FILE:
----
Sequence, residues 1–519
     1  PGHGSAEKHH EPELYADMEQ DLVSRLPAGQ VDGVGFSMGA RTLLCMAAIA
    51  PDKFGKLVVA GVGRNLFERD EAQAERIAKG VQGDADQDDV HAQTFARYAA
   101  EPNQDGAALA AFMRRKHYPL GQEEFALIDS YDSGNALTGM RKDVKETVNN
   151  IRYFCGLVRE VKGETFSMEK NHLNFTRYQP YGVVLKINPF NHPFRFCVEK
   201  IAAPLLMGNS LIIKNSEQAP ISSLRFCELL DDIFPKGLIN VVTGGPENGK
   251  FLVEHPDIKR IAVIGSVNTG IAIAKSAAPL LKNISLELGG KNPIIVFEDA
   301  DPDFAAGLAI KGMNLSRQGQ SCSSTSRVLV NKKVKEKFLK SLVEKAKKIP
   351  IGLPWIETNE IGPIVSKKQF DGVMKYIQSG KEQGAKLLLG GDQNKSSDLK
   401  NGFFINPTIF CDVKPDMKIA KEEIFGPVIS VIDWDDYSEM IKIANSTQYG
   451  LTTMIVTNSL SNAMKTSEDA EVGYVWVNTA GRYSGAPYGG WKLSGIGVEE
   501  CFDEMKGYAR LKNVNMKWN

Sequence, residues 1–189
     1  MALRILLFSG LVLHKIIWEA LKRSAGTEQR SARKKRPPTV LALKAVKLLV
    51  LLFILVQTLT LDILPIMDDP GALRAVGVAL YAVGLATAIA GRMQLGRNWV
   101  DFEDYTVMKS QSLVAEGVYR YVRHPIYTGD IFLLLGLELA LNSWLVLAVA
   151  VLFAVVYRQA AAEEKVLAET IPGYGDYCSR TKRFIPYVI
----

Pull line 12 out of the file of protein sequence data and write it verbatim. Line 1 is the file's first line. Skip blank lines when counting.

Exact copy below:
   501  CFDEMKGYAR LKNVNMKWN